Stocks slid on Thursday as investors took profits after a recent rally and turned cautious a day before the government's crucial July jobs report.

The stock market's second day of declines came on the heels of a four-day run of gains that pushed U.S. indexes on Tuesday to close at their highest level since last fall.

Losses were broad-based, with the energy and telecommunication services sectors the top drags on the S&P 500. An S&P index of energy stocks <.GSPE> fell 0.7 percent, while an S&P index of telecom shares <.GSPL> lost 1.5 percent.

Cisco Systems Inc , the world's largest network equipment manufacturer and a Dow component, weighed on sentiment as its Chief Executive John Chambers said that it's too soon to call a recovery.

Wall Street's attention is now on the government's all-important non-farm payrolls report, which will show the number of jobs lost in July. The data will be released before the bell on Friday.

(With) the job numbers tomorrow (and) the fact that we've had this tremendous run, you're getting some nervousness. Tomorrow morning, it'll either be exacerbated or relieved., said Jim Awad, managing director of Zephyr Management in New York.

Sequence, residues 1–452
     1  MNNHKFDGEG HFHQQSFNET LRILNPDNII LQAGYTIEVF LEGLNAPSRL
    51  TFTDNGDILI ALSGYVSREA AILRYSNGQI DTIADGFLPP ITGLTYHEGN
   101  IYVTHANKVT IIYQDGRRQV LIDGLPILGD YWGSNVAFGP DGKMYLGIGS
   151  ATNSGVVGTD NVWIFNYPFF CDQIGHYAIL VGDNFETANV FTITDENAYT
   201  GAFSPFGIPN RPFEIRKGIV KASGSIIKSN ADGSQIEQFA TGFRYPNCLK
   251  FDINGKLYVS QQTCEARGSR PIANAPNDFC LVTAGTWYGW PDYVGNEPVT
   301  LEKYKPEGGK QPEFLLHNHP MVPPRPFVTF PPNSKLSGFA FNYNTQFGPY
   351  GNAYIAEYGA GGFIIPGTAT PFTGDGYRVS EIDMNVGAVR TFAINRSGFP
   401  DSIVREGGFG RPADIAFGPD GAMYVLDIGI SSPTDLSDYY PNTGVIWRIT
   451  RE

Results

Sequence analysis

The Dow Jones industrial average <.DJI> was down 23.50 points, or 0.54 percent, at 9,257.47. The Standard & Poor's 500 Index <.SPX> was down 5.00 points, or 0.50 percent, at 997.72. The Nasdaq Composite Index <.IXIC> was down 15.39 points, or 0.78 percent, at 1,977.66.

A Reuters survey forecasts that the Labor Department report will show 320,000 workers lost their jobs in July, the least for any month since September last year.

After losing ground in morning trading, Cisco was up 1 percent at $22.40.

Cisco was pretty downbeat last night. The whole rally has been predicated on a third-quarter recovery in the economy and Cisco put some clouds in that horizon, Awad said.

Shares of low-cost wireless carrier MetroPCS

plunged almost 30 percent to $8.99 after posting disappointing quarterly results.

Despite the latest pullback, the broad S&P 500 is up 47.5 percent from its 12-year closing low in early March, encouraged by a string of economic data suggesting a recovery, and an earnings season with most S&P 500 companies beating expectations.

Before the opening bell, numbers from the Labor Department showed initial jobless claims fell 38,000 to a seasonally adjusted 550,000 for the week ended August 1, down substantially from the 588,000 the previous week. The latest weekly claims were well below the forecast calling for 580,000.

(Reporting by Rachel Chang; Editing by Jan Paschal)